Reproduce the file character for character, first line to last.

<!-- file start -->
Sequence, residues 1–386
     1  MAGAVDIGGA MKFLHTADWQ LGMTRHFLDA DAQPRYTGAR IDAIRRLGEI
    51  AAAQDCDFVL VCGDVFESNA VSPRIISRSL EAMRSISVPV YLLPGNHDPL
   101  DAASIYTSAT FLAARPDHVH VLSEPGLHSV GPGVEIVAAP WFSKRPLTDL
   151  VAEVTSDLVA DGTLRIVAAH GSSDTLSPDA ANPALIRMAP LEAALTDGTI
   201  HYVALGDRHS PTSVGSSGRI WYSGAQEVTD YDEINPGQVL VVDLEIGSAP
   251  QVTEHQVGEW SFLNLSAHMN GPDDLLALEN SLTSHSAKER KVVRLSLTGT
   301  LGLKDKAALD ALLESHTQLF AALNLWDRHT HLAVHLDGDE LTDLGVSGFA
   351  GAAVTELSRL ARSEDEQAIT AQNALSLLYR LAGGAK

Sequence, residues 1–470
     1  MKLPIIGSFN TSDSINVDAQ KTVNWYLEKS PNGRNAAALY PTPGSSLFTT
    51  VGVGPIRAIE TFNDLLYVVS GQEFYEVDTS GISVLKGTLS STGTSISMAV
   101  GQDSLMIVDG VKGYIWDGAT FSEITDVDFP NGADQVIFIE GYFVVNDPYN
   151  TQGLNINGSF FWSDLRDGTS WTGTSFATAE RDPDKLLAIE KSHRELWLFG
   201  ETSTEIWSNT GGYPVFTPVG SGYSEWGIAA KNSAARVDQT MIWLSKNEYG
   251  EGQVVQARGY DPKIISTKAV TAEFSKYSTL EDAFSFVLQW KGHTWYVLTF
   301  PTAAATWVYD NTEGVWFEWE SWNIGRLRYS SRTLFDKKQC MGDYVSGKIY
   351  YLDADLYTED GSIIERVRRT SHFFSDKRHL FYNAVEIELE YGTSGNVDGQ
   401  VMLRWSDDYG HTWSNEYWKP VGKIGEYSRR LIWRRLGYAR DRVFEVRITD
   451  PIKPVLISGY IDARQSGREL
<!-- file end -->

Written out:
Sequence, residues 1–386
     1  MAGAVDIGGA MKFLHTADWQ LGMTRHFLDA DAQPRYTGAR IDAIRRLGEI
    51  AAAQDCDFVL VCGDVFESNA VSPRIISRSL EAMRSISVPV YLLPGNHDPL
   101  DAASIYTSAT FLAARPDHVH VLSEPGLHSV GPGVEIVAAP WFSKRPLTDL
   151  VAEVTSDLVA DGTLRIVAAH GSSDTLSPDA ANPALIRMAP LEAALTDGTI
   201  HYVALGDRHS PTSVGSSGRI WYSGAQEVTD YDEINPGQVL VVDLEIGSAP
   251  QVTEHQVGEW SFLNLSAHMN GPDDLLALEN SLTSHSAKER KVVRLSLTGT
   301  LGLKDKAALD ALLESHTQLF AALNLWDRHT HLAVHLDGDE LTDLGVSGFA
   351  GAAVTELSRL ARSEDEQAIT AQNALSLLYR LAGGAK

Sequence, residues 1–470
     1  MKLPIIGSFN TSDSINVDAQ KTVNWYLEKS PNGRNAAALY PTPGSSLFTT
    51  VGVGPIRAIE TFNDLLYVVS GQEFYEVDTS GISVLKGTLS STGTSISMAV
   101  GQDSLMIVDG VKGYIWDGAT FSEITDVDFP NGADQVIFIE GYFVVNDPYN
   151  TQGLNINGSF FWSDLRDGTS WTGTSFATAE RDPDKLLAIE KSHRELWLFG
   201  ETSTEIWSNT GGYPVFTPVG SGYSEWGIAA KNSAARVDQT MIWLSKNEYG
   251  EGQVVQARGY DPKIISTKAV TAEFSKYSTL EDAFSFVLQW KGHTWYVLTF
   301  PTAAATWVYD NTEGVWFEWE SWNIGRLRYS SRTLFDKKQC MGDYVSGKIY
   351  YLDADLYTED GSIIERVRRT SHFFSDKRHL FYNAVEIELE YGTSGNVDGQ
   401  VMLRWSDDYG HTWSNEYWKP VGKIGEYSRR LIWRRLGYAR DRVFEVRITD
   451  PIKPVLISGY IDARQSGREL